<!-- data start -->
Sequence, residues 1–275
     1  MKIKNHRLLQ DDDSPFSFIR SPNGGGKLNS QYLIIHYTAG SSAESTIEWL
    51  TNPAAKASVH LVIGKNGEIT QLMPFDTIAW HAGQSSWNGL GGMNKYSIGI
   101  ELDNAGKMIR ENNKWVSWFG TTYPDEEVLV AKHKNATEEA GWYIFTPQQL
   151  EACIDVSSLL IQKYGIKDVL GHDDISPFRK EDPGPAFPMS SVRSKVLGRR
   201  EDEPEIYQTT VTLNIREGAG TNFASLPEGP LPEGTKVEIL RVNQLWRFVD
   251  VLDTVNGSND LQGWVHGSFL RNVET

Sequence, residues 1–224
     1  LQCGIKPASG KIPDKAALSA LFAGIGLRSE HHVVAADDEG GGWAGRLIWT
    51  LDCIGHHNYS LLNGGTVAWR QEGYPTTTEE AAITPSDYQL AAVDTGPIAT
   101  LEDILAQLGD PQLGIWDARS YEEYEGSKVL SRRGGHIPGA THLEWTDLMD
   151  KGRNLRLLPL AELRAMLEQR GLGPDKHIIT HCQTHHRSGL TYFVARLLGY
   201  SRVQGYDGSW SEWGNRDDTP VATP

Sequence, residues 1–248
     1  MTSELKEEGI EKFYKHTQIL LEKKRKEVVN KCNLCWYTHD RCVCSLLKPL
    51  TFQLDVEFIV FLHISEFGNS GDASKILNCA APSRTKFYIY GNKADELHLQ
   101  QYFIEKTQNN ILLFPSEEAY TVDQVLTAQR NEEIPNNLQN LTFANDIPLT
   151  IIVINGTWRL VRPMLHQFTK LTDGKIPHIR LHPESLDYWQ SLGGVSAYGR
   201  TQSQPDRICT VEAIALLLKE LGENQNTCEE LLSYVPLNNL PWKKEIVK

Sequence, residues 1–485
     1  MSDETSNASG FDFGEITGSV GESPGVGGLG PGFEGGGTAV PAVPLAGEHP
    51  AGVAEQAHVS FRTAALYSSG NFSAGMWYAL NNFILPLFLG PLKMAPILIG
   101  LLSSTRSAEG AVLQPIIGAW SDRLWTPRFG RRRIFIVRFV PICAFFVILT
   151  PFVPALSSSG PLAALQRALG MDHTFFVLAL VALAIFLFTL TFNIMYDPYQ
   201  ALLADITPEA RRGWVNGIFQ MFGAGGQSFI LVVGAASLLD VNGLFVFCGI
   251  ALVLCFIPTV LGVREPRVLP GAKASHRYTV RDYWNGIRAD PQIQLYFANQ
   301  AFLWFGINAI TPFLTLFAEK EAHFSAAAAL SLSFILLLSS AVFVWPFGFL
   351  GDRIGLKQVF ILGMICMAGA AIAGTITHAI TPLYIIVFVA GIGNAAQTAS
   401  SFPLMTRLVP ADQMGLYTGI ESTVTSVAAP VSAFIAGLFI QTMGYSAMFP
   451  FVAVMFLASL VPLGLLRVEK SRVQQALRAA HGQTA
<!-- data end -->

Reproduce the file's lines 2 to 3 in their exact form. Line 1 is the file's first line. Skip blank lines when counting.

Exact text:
     1  MKIKNHRLLQ DDDSPFSFIR SPNGGGKLNS QYLIIHYTAG SSAESTIEWL
    51  TNPAAKASVH LVIGKNGEIT QLMPFDTIAW HAGQSSWNGL GGMNKYSIGI